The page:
There are a few good things about getting older, not many, but a few. One is that with time and experience, you have a better understanding of how things work, or at least a good means of being able to make comparisons. For instance, the way we communicate with each other has changed significantly over the last 30 years. My husband and I started a business in Hawaii in the mid 80’s, and at that point you had three means of contacting someone. You could call them, you could send them a letter by mail or courier, or go visit them in person. That was it; there were no faxes, no texts, no voicemail, no Email, no Facebook, Twitter or anything else. I know at this point, if you are in your twenties, that concept is horrendous, but at that time, it made things much simpler and much more personable.
If you called someone, they would actually take your call, or even more surprising, if they were tied up, they would call you back. Imagine, someone returning your call, that’s almost unheard of today. I say that because almost every time I return someone’s call, it puts them into shock, and then after a few seconds of silence while they bring their dropped jaw back into position, they start thanking me profusely for doing what used to be normal. The structure of the call was different then as well, at least in Hawaii. Chatting with someone about their health, their family, and their hobbies was something you did before you got to business. It was called ” talking story “, and it basically was there to remind you that you were dealing with a real person that had feelings, goals, dreams etc. It added a necessary degree of respect to the business relationship. A case in point. I made a call to my credit card company a few nights ago, and spoke to a very nice man who right away asked how I was. I responded and returned the question, and was surprised to hear his reply. He was overwhelmed I had asked how he was, and told me that was the first time that entire day someone had asked him that question. When did common courtesy become such a rarity ?
For important issues, there were pieces of paper with writing, called letters, and you couldn’t procrastinate in getting them out in the mail, because you knew it would take at least a week to reach its destination. If you missed posting it in time, or it was a really pressing matter, you had to pay a huge bill to a courier service to get it there by the next day, or your first-born if you wanted it there on the same day. Believe me, technology wins on this one. It’s a hundred times easier and more efficient today, and I wouldn’t want to turn back the clock, but the cost for that efficiency is a means of exercising and receiving patience. Everyone knew how long it took, so you weren’t expected to pull a rabbit out of your hat on a moments notice.
Then of course there was the personal visit. This was by far the best way to give and receive information, and generally it led to a stronger bond, whether a business associate or a friend, but it is also was a very time-consuming and inefficient way of conducting business. Our office was a 30 minute to 1 hour drive from most of our clients, which meant a 5 or 10 minute meeting, could cost you 2 hours of your business day. That was huge. And it also gave rise to the traveling salesman, who spent more time on the road than they did at home. So again technology has improved how things are done and fortunately with teleconferencing, you get most of the personal connection. It’s not as good as a handshake, but close enough.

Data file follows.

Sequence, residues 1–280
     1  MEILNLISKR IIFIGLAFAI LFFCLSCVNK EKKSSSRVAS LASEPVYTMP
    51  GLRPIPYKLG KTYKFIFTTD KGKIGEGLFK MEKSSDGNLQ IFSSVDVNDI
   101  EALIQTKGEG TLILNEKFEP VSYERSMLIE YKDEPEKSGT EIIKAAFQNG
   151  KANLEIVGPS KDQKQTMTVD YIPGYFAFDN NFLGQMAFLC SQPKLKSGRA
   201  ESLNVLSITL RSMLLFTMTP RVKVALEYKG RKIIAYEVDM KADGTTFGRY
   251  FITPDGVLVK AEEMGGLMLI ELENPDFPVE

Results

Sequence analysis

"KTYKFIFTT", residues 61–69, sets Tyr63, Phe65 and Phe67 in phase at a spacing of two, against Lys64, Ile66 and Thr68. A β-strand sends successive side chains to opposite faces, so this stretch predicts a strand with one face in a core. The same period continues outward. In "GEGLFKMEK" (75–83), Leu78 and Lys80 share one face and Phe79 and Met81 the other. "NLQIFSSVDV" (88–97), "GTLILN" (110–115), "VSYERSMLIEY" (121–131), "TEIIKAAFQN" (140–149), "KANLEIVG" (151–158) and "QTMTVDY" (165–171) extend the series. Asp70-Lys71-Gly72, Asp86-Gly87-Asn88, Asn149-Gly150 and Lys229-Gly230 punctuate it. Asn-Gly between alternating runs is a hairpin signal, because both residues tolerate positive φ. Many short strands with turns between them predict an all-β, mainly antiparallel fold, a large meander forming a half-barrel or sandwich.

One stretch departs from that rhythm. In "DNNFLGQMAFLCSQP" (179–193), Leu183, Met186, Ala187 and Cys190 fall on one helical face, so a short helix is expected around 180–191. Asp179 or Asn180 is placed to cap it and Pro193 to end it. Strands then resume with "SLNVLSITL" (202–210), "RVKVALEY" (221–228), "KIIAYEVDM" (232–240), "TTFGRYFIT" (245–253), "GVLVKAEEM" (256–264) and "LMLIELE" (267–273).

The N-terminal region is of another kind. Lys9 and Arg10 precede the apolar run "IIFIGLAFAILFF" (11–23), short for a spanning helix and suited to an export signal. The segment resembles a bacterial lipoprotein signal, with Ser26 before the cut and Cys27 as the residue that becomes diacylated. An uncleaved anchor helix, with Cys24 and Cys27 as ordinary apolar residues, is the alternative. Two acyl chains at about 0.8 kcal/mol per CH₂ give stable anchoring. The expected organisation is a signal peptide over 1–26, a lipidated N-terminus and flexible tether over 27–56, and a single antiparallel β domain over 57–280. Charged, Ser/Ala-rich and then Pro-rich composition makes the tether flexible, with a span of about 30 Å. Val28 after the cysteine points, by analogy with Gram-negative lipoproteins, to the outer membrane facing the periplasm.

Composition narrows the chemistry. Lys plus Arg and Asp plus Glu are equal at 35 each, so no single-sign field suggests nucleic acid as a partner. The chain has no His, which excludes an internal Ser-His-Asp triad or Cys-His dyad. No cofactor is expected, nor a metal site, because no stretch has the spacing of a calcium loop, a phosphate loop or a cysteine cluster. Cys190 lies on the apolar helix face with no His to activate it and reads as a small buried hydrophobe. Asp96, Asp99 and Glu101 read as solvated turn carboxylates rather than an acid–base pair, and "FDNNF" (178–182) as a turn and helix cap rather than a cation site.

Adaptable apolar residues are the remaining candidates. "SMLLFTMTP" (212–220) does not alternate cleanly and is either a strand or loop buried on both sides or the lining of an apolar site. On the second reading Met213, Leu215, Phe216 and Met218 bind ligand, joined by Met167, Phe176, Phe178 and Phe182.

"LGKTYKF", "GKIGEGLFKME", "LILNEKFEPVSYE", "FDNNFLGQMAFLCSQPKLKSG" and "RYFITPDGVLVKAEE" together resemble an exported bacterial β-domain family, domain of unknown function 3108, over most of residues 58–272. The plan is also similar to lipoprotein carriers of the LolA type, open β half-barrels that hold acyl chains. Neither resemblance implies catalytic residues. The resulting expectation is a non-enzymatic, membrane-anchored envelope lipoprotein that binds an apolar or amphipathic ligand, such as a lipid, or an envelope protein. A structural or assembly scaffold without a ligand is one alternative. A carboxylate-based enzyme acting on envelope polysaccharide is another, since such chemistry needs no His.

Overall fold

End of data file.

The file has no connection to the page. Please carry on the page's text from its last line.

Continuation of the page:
Ah, then came the fax machine. Woohoo, now things were getting easier and cheaper. What a fabulous addition that was to our business, in so many ways. The only down side was that now you not only had another method of receiving information, it was basically instantaneous, so people’s expectations of how fast you should respond to something, corresponded to the speed of the communication. That was the beginning of the end of patience as we knew it.
Soon, the curse arrived, voice mail, and with it, the automatic switchboard. Gone were the days you could talk to a live person, and gone were the days when people believed they should return a call. They didn’t have to. If they wanted to avoid someone, they just left their voicemail on. It was especially hard for those that worked in accounts receivable, because now, you literally could not reach a person unless they wanted to be reached. This changed everything.
Before long came Emailing, texting and social media, and even a superhero can’t keep up with all the levels of today’s communication. We are inundated from the moment we wake up to the moment we hit the pillow. There are not enough hours in the day to fit it all in, even if you didn’t have to do the menial things like make a living, or raising your children. So now to cope, we have 4 levels of categorizing those that are trying to reach us. The ” have to’s “; such as our boss, our mother, our personal trainer. The ” want to’s “; our significant other, our kids, the cute guy from the pet store. The ” if I get time’s “; our co-workers, our friends that want our help with a new project; and the ” not in this lifetime’s “; which is basically everybody else.
The problem of course with our modern age communication overload is we forget that at the its basic level, we are still dealing with real people who have real feelings, and real problems, just like us. So the next time someone calls you, if you can’t take the call, at least try to call them back. And when that phone solicitor interrupts your dinner, before you hit ’em with both barrels, try to remember that they are just trying to make a living, because they too have rent to pay, and a family to support. We are all in this together, and the more we realize that, the better world we’ll have.
Mission Positive Films